THE Scottish Government has been challenged to end the “perverse” higher education funding system amid evidence it makes poor students poorer by pushing them into debt.
Education secretary Michael Russell faced calls from the Labour party to provide “decent grants” in a Holyrood debate yesterday.
Mr Russell responded by accusing Labour of trying to take away free education without having the “guts” to say so.
The debate was held the day after Lucy Hunter, a former head of Scottish Government student support, criticised the funding system in an article for The Scotsman.
Ms Hunter argued that a cut in bursaries (grants) for all students at the start of the next academic year would result in them having to increase their borrowing to meet living costs.
Under the system, Ms Hunter claimed that students from households with an income below £25,000 would lose between £890 and £1,640 in grants a year as bursaries are replaced by larger loans.
In a debate called by Labour, the party’s education spokesman Hugh Henry said that grants decreased by £24 million and loan authorisations increased by £26m between 2010-11 and 2011-12.
“This switch to loans is hitting the poorest students the hardest,” Mr Henry said.
“Remember that over 40 per cent of full-time students supported by the Scottish Government are from households with incomes below £25,000. So they’re the ones most directly affected.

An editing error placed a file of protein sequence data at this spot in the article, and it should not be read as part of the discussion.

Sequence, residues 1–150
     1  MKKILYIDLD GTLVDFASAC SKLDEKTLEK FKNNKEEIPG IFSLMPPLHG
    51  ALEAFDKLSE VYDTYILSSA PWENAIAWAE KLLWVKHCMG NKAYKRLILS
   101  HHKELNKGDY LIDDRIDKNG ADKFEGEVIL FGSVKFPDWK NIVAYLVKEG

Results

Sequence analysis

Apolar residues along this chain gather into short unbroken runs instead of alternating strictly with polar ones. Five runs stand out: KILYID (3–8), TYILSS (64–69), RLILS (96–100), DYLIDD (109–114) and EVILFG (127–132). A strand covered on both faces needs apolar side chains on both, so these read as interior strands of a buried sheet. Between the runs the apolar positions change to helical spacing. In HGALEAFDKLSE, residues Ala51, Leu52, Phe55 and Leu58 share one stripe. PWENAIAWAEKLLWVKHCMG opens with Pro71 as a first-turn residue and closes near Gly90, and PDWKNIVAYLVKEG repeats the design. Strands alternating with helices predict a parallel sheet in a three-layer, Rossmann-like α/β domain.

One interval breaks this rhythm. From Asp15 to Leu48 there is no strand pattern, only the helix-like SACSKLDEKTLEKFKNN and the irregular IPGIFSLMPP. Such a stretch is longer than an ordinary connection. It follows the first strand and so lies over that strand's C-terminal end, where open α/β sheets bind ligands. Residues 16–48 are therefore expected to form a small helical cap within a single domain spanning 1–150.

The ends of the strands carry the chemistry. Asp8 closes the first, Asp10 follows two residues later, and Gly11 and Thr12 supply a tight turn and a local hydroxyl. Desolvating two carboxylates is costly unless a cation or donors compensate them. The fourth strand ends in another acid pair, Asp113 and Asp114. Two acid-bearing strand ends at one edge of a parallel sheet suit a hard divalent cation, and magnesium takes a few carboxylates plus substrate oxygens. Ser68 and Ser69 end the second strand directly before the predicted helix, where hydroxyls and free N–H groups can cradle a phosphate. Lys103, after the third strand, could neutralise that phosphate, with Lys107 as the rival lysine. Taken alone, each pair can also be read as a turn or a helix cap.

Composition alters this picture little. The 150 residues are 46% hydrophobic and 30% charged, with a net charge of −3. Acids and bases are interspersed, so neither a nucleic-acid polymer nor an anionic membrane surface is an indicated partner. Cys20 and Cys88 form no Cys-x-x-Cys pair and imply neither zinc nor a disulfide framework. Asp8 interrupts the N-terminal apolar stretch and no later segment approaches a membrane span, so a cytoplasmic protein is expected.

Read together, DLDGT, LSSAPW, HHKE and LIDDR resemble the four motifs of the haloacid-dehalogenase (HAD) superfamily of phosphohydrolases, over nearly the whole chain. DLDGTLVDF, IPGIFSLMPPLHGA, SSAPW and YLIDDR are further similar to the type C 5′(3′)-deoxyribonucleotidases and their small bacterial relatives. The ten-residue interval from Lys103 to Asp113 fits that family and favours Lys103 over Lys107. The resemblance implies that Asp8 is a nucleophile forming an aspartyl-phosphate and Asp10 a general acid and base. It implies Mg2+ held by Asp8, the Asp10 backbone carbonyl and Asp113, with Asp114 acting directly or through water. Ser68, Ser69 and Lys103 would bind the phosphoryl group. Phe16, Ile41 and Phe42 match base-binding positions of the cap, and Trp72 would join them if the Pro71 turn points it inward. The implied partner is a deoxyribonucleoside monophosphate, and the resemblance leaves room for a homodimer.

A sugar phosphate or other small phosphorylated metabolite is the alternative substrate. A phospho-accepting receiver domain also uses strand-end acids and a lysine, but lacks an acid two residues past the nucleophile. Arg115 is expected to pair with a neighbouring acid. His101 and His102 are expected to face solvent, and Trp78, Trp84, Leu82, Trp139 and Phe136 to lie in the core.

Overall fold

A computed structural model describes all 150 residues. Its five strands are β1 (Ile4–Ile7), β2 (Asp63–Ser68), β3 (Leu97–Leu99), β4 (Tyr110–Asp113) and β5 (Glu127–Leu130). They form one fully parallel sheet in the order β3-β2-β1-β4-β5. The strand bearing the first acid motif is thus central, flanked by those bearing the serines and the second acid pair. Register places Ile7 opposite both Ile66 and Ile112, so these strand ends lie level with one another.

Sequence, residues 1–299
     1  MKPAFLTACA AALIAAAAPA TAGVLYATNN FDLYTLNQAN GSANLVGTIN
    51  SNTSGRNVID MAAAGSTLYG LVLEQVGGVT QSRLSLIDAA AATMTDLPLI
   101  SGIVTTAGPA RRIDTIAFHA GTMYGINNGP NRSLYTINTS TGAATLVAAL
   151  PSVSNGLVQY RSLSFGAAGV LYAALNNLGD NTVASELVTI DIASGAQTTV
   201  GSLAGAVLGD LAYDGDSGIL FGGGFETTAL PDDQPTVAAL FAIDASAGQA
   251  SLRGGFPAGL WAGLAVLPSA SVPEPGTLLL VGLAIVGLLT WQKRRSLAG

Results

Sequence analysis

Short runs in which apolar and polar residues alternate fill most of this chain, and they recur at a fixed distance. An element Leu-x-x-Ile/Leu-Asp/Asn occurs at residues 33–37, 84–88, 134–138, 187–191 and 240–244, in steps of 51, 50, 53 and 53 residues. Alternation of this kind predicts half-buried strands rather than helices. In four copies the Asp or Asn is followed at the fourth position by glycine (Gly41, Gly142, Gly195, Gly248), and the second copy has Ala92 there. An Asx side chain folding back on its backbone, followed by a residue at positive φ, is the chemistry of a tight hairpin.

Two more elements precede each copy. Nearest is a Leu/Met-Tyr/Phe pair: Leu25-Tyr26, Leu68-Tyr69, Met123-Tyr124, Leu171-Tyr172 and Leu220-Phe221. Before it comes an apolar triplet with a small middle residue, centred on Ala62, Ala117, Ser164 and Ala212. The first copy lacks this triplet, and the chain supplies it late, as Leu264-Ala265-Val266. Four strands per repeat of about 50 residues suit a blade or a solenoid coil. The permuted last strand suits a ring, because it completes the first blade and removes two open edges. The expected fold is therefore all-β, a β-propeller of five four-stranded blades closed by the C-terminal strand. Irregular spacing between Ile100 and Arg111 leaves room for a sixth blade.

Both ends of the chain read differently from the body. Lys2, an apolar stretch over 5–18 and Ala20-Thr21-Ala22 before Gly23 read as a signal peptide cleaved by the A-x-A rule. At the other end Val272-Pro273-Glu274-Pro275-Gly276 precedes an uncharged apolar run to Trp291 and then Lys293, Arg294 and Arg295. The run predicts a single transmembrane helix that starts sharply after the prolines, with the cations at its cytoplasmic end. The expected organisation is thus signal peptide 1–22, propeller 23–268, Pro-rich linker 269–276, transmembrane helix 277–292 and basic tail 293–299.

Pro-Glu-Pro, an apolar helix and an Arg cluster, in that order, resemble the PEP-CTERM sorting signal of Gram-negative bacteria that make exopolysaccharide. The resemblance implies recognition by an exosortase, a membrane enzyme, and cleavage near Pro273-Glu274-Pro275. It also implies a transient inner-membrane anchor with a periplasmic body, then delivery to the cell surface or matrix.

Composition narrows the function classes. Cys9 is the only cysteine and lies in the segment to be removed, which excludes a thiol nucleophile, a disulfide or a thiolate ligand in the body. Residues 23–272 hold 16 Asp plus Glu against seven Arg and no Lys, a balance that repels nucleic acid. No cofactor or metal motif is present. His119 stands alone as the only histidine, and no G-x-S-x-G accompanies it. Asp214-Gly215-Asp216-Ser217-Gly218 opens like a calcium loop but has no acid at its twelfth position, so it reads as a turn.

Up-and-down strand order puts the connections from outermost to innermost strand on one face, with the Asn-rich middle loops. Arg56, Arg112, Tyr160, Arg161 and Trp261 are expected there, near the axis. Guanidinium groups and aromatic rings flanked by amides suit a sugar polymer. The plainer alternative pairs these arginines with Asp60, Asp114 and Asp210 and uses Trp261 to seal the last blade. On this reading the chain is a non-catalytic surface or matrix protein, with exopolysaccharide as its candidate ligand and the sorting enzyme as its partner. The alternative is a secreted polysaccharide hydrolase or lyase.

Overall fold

“At the same time, students with a family income of £61,000 or over will now qualify for cheap £4,500 loans.
“In other words, poorer students are being asked to subsidise better-off students. Debt is piled on to poorer students and somehow this is supposed to make it easier for them to go to university.”
Scotland stands alone in refusing to act to help poorer students succeed, he said.
“It is time to admit that this system is perverse and unfair. It’s time to move from paying lip service to social justice and to make it a reality.
“It’s time to ditch this funding system which is hitting poorest students hardest.
“It’s time to bring in decent grants now,” he said. Mr Russell rejected Labour’s criticism and insisted the Scottish Government’s policy of no up-front tuition fees is correct and will lead to widened access.
“The reality is that all of the rhetoric from Labour is about imposing student fees but they haven’t got the guts to say so,” he claimed.
“That’s the reality of where we’ve been for the last year.
“I’m absolutely clear that free education is central to my vision of the Scotland we should have.”
Fees turn people away from university, he said.
“Let’s not have these silly games about the notions Labour’s putting forward,” he told the chamber.
“Let’s actually look at the truth. In Scotland we do provide the best package of student support available anywhere in the UK. It’s something we should be proud of.”
Conservative MSP Murdo Fraser said his party has sympathy with Labour’s approach, which advocates targeted support for students.
“There is a choice to be made and a price has to be paid for that choice, and universal benefits for students come at the expense of those who are in most need,” he said.
“But where I have sympathy for the SNP position today is that Labour do not make clear… where the money would come from to reverse the cuts in grants for lower-income students.”